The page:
Scotland plans to increase taxes for individuals with higher incomes, aiming to safeguard essential public services.

A new tax band has been introduced for individuals earning over £75,000, with the top rate for salaries over £125,140 increased to 48p.

In an effort to reduce cuts to public services and fund a council tax freeze, higher earners in Scotland will be subject to heavier taxation.

The finance secretary of Scotland, Shona Robison, announced the implementation of an “advanced” 45p tax band for all those earning above £75,000, with the top rate of income tax increasing to 48p for individuals earning above £125,140.

Robison stated that these tax increases, along with freezing the tax thresholds for intermediate and higher rates, would magnify the effects of an unexpected rise in revenues projected for next year.

Overall, Scotland’s higher taxes on wealthier individuals are estimated to raise an additional £1.5bn compared to mimicking rates in the rest of the UK.

This would enable slight tax cuts for lower earners by inflating the threshold on starter and basic rates alongside increased spending on social welfare and homelessness.

Robison defended the tax increases against criticism, asserting that they would help offset the impact of funding cuts to Scotland’s block grant from the UK government.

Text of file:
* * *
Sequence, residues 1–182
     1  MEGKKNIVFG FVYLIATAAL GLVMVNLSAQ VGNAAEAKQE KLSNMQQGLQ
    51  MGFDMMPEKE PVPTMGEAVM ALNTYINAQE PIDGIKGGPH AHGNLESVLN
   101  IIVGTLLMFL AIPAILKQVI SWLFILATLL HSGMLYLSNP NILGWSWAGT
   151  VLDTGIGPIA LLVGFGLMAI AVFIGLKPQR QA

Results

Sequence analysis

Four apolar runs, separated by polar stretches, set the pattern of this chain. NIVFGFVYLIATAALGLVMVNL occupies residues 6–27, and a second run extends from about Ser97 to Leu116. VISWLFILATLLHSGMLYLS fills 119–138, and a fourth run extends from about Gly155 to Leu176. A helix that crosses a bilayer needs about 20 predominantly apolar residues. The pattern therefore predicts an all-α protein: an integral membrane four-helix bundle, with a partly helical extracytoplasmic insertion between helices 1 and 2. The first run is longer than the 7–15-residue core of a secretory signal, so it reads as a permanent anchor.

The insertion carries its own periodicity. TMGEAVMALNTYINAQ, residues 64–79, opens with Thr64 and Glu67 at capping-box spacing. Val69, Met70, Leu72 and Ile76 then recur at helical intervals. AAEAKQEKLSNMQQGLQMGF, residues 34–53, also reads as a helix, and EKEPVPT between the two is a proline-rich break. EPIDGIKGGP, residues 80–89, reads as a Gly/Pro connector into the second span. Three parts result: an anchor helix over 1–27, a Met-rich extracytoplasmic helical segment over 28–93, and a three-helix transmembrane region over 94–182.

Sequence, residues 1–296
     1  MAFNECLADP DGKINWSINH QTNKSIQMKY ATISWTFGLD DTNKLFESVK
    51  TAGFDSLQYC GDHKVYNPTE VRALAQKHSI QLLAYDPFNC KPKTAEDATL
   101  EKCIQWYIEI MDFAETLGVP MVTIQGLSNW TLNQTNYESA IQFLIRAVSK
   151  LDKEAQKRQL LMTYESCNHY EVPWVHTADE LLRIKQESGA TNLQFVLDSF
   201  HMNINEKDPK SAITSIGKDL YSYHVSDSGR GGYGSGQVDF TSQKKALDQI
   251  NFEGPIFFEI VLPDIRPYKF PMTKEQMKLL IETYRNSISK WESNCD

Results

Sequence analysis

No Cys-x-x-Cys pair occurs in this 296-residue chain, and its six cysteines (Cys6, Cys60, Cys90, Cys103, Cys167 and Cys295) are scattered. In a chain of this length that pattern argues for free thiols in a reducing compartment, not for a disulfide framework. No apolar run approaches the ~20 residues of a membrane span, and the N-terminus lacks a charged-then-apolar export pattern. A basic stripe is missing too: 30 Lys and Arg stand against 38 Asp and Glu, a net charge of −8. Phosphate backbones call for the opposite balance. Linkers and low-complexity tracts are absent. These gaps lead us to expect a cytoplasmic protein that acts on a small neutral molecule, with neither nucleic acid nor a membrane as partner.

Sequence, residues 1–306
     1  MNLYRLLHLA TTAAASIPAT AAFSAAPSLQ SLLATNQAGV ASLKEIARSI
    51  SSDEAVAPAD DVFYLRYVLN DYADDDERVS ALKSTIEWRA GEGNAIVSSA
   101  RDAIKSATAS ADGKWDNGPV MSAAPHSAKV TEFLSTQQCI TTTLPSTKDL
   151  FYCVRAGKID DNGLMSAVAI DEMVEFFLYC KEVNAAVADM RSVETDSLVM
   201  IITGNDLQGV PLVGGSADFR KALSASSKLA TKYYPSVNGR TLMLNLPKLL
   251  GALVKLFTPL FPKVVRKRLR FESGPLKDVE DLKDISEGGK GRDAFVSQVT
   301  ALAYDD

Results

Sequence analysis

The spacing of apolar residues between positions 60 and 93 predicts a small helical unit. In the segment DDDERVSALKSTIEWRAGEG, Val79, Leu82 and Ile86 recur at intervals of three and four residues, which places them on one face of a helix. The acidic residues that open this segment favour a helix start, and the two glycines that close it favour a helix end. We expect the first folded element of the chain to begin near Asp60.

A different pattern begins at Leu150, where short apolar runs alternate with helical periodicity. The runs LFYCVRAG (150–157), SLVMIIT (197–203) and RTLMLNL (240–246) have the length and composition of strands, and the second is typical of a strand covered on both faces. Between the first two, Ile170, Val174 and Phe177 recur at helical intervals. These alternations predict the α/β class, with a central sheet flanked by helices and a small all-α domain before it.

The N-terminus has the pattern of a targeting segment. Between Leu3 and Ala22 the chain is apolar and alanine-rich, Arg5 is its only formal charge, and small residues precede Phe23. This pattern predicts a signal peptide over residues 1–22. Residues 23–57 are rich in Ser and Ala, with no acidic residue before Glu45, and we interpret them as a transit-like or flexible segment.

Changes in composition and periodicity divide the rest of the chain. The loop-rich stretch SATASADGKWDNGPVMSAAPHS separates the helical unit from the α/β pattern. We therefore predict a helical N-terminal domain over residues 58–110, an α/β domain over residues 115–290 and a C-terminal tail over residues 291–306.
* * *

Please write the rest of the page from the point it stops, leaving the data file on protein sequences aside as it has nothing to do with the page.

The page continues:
The Scottish Fiscal Commission confirmed that the tax changes would contribute to a £1.3bn budget increase, equivalent to a 2.6% rise in cash terms.

While Labour accused Robison of failing to acknowledge significant cuts in various areas, the council tax freeze was criticized for benefiting wealthier individuals and limiting resources for public services.

The overall impact of income tax rises is also expected to be reduced by national insurance rate cuts implemented by the Treasury.

The Chartered Institute of Taxation highlighted that Scottish taxpayers earning £100,000 would pay £3,346 more in income tax compared to their UK counterparts due to cumulative tax changes introduced by the Scottish government since 2017.

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